Reaction of pentafluoropyridine with 1,8-dihydroxyanthracene-9,10-dione

Conclusion

We showed that one or two hydroxyl groups in hydroxylated naphtoquinones and hydroxylated antraquinones can react with the pentafluoropyridineto afford of mono and di-2,3,5,6-tetrafluoropyridine naphtoquinones/antraquinones.

Experimental

All materials and solvents were purchased from Merck and Aldrich and were used without any additional purification. The melting points of the products were determined in open capillary tubes using BAMSTEAB Electrothermal apparatus model 9002. Mass spectra were taken by a Micro mass Platform II: EI mode (70 eV). Silica plates (Merck) were used for TLC analysis.

Preparation of 5-hydroxy-8-(perfluoropyridin-4-yloxy) naphthalene-1,4-dione 2a and 5,8-bis(perfluoropyridin-4-yloxy)naphthalene-1,4-dione 2b

Pentafluoropyridine 1 (0.16 g, 1 mmol), 5,8-dihydroxynaphthalene-1,4-dione 2 (0.19 g, 1 mmol) and potassium carbonate (0.11 g, 1.0 mmol) were stirred together in DMF (5 mL) at reflux temperature for 8 h. After completion of the reaction (indicated by TLC), reaction mixture was evaporated to dryness and water (10 mL) was added and extracted with dichloromethane (2 × 10 mL) and ethylacetate (2 × 10 mL). The mixture was filtered, volatiles evaporated and the residue purified by column chromatography on silica gel using ethyl acetate/n-hexane (1:10).

5-hydroxy-8-(perfluoropyridin-4-yloxy)naphthalene-1,4-dione 2a

(0.1 g, 29 %) as an orange solid; mp 240 °C dec; 1H NMR (CDCl3): δ (ppm) 4.1 (1H, s, OH), 7.2–8.3 (4H, m, Ar–H), 19F NMR (DMSO): δ (ppm) −87.6 (2F, s, F-2,6), −162.0 (2F, s, F-3,5), 13C NMR (CDCl3): δ (ppm) 115.3, 117.2, 119.7, 120.3, 125.4, 128.3, 131.0, 137.5, 150.3, 159.2, 169.2, 170.1, 171.8, MS (EI), m/z (%) = 341 (M+) (32 %) 318, 309, 301, 291, 272, 255, 246, 224, 198, 180, 152, 126, 106, 86, 58, 44.

5,8-bis(perfluoropyridin-4-yloxy)naphthalene-1,4-dione 2b

(0.08 g, 16 %) as an orange/yellow solid; mp 330 °C dec; 1H NMR (CDCl3): δ (ppm) 7.2 (5H, m, Ar–H), 19F NMR (CDCl3): δ (ppm) −83.5 (2F, s, F-2,6), −84.2 (2F, s, F-2,6), −135.4 (2F, s, F-3,5), −139.4 (2F, s, F-3,5). 13C NMR (CDCl3): δ (ppm) 91.8, 128.8, 130.9, 178.0, MS (EI), m/z (%) = 490 (M+ +2) (25 %), 461, 443, 409, 384, 369, 350, 331, 318, 302, 268, 255, 239, 212, 181, 167, 149, 136, 104, 90, 77, 57, 43.

Preparation of 1-hydroxy-4-(perfluoropyridin-4-yloxy) anthracene-9,10-dione 3c and 1,4-bis(perfluoropyridin-4-yloxy)anthracene-9,10-dione 3d

Pentafluoropyridine 1 (0.16 g, 1 mmol), 1,4-dihydroxyanthracene-9,10-dione 3 (0.24 g, 1 mmol) and potassium carbonate (0.11 g, 1.0 mmol) were heated in DMF (5 mL) at reflux for 12 h (monitored by TLC). After completion of the reaction, the solvent was evaporated to dryness; water (10 mL) was added and extracted with dichloromethane (2 × 10 mL) and ethylacetate (2 × 10 mL). The mixture was filtered, volatiles evaporated and the residue purified by column chromatography on silica gel using ethyl acetate/n-hexane (1:10).

1-hydroxy-4-(perfluoropyridin-4-yloxy)anthracene-9,10-dione 3c

(0.16 g, 41 %) as a yellow solid; mp 355 °C dec; 1H NMR (CDCl3): δ (ppm) 4.1 (1H, s, OH), 7.2-8.3 (6H, m, Ar–H), 19F NMR (CDCl3): δ (ppm) −88.2 (2F, s, F-2,6), −158.1 (2F, s, F-3,5),13C NMR (CDCl3): δ (ppm) 126.5, 127.0, 133.6, 133.9, 138.8, 145.4, 148.5, 160.9, 188.9, MS (EI), m/z (%) = 389 (M), 371, 354, 340, 321, 307, 290, 263, 237, 212, 195, 181, 157, 143, 125, 112, 91, 77, 57, 43.

1,4-bis(perfluoropyridin-4-yloxy)anthracene-9,10-dione 3d

(0.06 g, 11 %) as a red/black solid; mp 315 °C dec; 1H NMR (CDCl3): δ (ppm) 4.2 (1H, s, OH), 7.2–8.7 (6H, m, Ar–H), 19F NMR (CDCl3): δ (ppm) −87.5 (2F, s, F-2,6), −91.8 (2F, s, F-2,6), −156.5 (2F, s, F-3,5), −162.6 (2F, s, F-3,5),13C NMR (CDCl3): δ (ppm) 120.9, 122.2, 123.4, 123.6, 124.5, 127.1, 128.5, 129.1, 130.1, 132.4, 136.5, 139.2, 140.4, 146.4, 147.4, 166.1, 170.2, MS (EI), m/z (%) = 538 (M), 496, 480, 439, 411, 398, 384, 362, 347, 331, 316, 302, 283, 270, 255, 239, 225, 209, 196, 181, 167, 154, 129, 105, 86, 57, 43.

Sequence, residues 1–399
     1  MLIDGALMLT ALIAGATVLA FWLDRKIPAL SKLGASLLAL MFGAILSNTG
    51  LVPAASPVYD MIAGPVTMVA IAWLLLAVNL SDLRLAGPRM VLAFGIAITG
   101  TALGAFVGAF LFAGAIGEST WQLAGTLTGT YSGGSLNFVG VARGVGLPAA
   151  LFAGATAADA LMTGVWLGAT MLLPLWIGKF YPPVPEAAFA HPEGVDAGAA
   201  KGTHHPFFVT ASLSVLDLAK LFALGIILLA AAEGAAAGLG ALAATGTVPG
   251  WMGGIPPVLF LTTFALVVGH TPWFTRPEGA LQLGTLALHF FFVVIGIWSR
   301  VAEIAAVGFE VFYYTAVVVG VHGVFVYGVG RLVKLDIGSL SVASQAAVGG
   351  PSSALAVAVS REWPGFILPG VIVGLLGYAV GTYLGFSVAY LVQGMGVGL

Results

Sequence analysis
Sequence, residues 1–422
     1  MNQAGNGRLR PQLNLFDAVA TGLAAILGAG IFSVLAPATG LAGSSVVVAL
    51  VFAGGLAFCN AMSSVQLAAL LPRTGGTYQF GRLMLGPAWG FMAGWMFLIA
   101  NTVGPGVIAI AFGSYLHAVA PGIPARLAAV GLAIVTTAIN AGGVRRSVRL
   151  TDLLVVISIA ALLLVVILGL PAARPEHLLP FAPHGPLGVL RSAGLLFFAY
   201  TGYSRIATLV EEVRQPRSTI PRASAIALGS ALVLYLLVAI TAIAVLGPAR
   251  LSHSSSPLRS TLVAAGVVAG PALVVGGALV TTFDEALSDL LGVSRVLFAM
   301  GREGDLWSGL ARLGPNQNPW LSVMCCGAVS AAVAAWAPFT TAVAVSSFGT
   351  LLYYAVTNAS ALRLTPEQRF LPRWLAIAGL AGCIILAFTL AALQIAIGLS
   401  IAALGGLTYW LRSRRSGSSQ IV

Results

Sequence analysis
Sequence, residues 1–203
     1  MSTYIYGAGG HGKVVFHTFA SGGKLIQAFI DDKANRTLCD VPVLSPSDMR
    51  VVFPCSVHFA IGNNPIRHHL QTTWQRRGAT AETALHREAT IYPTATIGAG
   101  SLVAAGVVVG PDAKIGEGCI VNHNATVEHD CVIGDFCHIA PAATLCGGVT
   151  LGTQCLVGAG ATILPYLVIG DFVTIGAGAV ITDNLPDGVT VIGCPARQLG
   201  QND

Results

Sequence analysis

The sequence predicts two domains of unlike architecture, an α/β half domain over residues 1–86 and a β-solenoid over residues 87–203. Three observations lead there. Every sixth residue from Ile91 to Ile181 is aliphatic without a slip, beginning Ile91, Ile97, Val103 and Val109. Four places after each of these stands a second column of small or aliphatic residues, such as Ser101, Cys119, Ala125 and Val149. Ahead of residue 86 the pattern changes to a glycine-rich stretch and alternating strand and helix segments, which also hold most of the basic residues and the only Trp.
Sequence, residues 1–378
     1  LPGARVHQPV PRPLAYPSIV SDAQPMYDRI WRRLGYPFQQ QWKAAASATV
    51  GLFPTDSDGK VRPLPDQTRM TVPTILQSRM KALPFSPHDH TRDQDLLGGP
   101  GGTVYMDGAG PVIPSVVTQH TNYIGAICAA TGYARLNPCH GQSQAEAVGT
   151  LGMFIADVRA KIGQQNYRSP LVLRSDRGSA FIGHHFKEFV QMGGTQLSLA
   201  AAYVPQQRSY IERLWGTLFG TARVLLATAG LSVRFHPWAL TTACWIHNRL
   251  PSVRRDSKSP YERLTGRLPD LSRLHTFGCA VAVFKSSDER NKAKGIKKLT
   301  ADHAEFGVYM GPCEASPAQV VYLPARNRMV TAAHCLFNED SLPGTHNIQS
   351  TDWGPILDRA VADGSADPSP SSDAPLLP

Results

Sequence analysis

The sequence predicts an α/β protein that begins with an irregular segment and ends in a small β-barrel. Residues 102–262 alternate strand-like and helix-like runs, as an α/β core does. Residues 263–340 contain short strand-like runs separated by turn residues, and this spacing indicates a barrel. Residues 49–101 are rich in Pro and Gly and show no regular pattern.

Preparation of 1-hydroxy-8-(perfluoropyridin-4-yloxy)anthracene-9,10-dione 4e

Pentafluoropyridine 1 (0.16 g, 1 mmol), 1,8-dihydroxyanthracene-9,10-dione 4 (0.24 g, 1 mmol) and potassium carbonate (0.11 g, 1.0 mmol) were heated in DMF (5 mL) at reflux for 12 h (monitored by TLC). After completion of the reaction, the solvent was evaporated to dryness; water (10 mL) was added and extracted with dichloromethane (2 × 10 mL) and ethylacetate (2 × 10 mL). The mixture was filtered, volatiles evaporated and the residue purified by column chromatography on silica gel using ethyl acetate/n-hexane (1:8).

1-hydroxy-8-(perfluoropyridin-4-yloxy)anthracene-9,10-dione 4e

(0.09 g, 23 %) as a red solid; mp 340 °C dec; 1H NMR (CDCl3): δ (ppm) 4.3 (1H, s, OH), 7.1–8.0 (6H, m, Ar–H), 19F NMR (CDCl3): δ (ppm) −91.6 (2F, s, F-2,6), −162.5 (2F, s, F-3,5),13C NMR (CDCl3): δ (ppm) 120.9, 122.2, 123.2, 123.6, 124.5, 127.1, 128.8, 130.2, 130.9, 131.2, 132.4, 136.5, 139.2, 140.4, 146.4, 147.9, 161.0, 164.0, 167.8. MS (EI), m/z (%) = 389 (M+), 387, 370, 364, 360, 342, 316, 299, 281, 255, 240, 223, 202, 184, 169, 155, 141, 127, 101, 79, 57, 43.

Declarations

Authors’ contributions

Study conception and design: The reaction of pentafluoropyridine with5,8-dihydroxynaphthalene-1,4-dione, 1,4-dihydroxyanthracene-9,10-dione and 1,8-dihydroxyanthracene-9,10-dione to give highly fluorinated heterocyclic materials. The attractive of this protocol are cleaner reaction, non-toxic catalyst which makes it a useful and attractive process for the preparation of 4-substituted-tetra fluoropyridine. Acquisition of data: from articles and books. Analysis and interpretation of data: by RH and KB. Drafting of manuscript: KB. Critical revision: MTM. All authors read and approved the final manuscript.

Acknowledgements

Financial support from the Research Council of the University of Sistan and Baluchestan is gratefully acknowledged.

Competing interests

The authors declare that they have no competing interests.

Open AccessThis article is distributed under the terms of the Creative Commons Attribution 4.0 International License (http://creativecommons.org/licenses/by/4.0/), which permits unrestricted use, distribution, and reproduction in any medium, provided you give appropriate credit to the original author(s) and the source, provide a link to the Creative Commons license, and indicate if changes were made.

Authors’ Affiliations

(1)
Department of Chemistry, Faculty of Science, University of Sistan and Baluchestan

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Copyright

© Beyki et al. 2016